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Keith Woolner: I get this question a lot, and I always struggle with how to answer it. My path into baseball was so atypical that it's hard to use that as the basis for a recommended strategy. But if my case has any instructive value, I'd say that the best way to break into baseball analytics is to start doing it on your own. Don't have any expectations that it will lead to anything, just do what interests you, and it will lead you to other topics and questions. Build up a base of knowledge, and complement that with the technical skills (Excel/database/stats) that you need to answer your own questions well. Write, write, and write some more. If you develop a reputation as an expert in something, teams will notice.
Keith Woolner: Before I answer, let me acknowledge that (a) Jim Rice was my favorite player growing up, and (b) I'm a "big Hall" kind of guy.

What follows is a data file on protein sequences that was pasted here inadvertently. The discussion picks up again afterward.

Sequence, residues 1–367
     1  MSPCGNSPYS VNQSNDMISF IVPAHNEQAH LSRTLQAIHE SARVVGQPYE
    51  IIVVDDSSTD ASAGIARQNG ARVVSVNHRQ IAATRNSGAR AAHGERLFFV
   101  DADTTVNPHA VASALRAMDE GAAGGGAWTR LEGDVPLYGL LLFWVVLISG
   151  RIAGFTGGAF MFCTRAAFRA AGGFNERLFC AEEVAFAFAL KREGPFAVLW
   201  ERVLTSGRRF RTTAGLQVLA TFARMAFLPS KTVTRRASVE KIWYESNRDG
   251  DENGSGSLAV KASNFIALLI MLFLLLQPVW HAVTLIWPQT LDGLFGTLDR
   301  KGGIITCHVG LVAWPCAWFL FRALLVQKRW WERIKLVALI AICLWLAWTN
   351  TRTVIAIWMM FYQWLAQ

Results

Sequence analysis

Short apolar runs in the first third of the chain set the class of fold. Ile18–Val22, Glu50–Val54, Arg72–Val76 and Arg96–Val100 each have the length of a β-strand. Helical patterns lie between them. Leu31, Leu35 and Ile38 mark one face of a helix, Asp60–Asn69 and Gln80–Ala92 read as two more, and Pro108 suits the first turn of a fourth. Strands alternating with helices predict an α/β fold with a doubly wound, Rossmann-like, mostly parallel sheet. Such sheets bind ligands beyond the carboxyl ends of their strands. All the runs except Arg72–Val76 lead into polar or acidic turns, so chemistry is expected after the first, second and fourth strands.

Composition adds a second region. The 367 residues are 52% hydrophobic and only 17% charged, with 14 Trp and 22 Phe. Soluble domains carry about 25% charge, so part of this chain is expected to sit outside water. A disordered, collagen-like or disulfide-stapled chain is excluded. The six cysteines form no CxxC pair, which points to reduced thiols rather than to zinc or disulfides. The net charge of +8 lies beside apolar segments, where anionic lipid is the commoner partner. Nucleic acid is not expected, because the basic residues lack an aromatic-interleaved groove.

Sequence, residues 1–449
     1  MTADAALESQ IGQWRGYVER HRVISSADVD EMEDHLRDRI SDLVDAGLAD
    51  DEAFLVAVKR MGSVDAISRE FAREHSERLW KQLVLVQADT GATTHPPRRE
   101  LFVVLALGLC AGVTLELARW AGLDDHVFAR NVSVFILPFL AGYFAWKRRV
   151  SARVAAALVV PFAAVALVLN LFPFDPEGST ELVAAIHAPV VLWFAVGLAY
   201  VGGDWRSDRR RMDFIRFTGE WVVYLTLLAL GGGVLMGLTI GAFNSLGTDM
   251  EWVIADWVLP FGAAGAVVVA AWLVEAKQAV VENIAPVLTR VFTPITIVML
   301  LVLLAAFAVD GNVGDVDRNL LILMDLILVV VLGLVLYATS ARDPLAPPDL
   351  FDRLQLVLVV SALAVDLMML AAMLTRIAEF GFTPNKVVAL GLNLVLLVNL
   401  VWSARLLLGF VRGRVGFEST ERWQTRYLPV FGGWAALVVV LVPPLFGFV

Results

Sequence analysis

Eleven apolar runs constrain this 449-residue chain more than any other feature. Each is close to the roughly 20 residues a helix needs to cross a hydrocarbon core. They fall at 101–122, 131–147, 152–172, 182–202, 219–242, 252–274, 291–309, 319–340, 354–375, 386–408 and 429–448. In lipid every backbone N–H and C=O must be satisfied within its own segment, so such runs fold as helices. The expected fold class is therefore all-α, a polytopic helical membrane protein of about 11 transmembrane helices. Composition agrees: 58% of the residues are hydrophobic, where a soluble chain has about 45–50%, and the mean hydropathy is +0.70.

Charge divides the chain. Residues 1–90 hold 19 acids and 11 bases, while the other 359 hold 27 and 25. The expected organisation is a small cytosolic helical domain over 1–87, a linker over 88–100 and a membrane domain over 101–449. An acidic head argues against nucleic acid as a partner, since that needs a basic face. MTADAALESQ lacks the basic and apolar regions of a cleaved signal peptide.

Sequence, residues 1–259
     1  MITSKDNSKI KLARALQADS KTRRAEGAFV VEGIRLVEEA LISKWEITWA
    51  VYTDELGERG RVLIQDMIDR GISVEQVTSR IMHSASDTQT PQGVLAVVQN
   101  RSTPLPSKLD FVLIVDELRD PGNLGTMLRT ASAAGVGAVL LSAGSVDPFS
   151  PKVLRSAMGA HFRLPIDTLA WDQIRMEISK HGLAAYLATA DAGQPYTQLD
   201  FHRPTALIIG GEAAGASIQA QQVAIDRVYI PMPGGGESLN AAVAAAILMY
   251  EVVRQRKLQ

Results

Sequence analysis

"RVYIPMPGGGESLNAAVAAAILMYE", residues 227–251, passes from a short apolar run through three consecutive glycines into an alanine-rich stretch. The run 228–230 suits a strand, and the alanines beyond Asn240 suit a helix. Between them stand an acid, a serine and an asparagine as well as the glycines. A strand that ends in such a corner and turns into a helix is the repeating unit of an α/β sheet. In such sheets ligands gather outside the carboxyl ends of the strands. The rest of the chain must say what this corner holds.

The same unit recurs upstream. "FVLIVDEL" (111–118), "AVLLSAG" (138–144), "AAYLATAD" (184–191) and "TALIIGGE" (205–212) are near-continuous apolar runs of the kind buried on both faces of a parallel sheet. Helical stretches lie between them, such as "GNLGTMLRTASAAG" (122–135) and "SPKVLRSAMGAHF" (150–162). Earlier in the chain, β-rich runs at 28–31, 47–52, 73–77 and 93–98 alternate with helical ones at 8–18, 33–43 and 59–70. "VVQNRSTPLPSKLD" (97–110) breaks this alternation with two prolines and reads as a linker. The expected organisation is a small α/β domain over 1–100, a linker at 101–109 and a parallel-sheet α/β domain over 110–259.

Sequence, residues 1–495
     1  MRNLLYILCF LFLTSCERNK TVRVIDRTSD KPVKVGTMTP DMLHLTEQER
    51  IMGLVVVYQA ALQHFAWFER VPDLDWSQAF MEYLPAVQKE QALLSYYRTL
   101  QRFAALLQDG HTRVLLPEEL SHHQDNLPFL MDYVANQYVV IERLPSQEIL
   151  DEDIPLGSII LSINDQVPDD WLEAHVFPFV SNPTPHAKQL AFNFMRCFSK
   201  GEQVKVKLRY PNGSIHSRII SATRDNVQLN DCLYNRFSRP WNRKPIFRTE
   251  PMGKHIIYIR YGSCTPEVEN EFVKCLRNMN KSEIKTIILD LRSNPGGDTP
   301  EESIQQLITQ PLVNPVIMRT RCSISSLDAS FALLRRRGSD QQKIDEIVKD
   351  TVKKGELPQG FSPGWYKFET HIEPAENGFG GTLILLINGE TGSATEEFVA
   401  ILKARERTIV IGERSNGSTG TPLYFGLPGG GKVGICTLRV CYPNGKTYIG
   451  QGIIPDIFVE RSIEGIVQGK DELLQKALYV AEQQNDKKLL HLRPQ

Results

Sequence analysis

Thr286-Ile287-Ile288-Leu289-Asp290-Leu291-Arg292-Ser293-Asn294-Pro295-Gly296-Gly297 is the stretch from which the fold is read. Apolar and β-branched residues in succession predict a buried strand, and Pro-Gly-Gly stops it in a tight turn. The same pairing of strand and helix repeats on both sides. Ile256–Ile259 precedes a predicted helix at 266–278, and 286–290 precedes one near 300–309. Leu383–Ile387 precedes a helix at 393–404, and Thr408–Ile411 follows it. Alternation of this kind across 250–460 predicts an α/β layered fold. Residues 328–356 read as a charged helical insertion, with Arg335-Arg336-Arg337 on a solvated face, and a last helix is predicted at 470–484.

With that context, I disagree with what seems to be the prevailing sabermetric opinion, including here at BP, that Rice was obviously unworthy as a HOF selection. I don't think he's a no-brainer Hall of Famer, but I think he has a legitimate argument.
Among players with exactly 6 Top 10 finishes, 11 are in the HOF, 6 are active or too recent, and only 4 are not in the Hall (Vern Stephens, Dave Parker, Andres Galarraga, Fred McGriff). Even among those with just 5 such finishes, the ratio is 17 HOF, 6 not HOF, 5 active. There's a reasonable case that players with Rice-like peaks get into the Hall about 2/3rd of the time.
Of course, all of Rice's Top 10 finishes were in fact Top 5 finishes. All of the players with 6 such rankings are in the Hall (4) or obviously qualified barring PED-externalities (Frank Thomas, Albert Pujols, A-Rod). Of those with exactly 5 Top 5 MVP years, only Pete Rose and Dave Parker aren't in the Hall or active.
Sorry for taking so much time to answer this one, but I think Rice looks better through contemporary views than through a modern analytical lens, and I don't think it's silly to consider that perspective.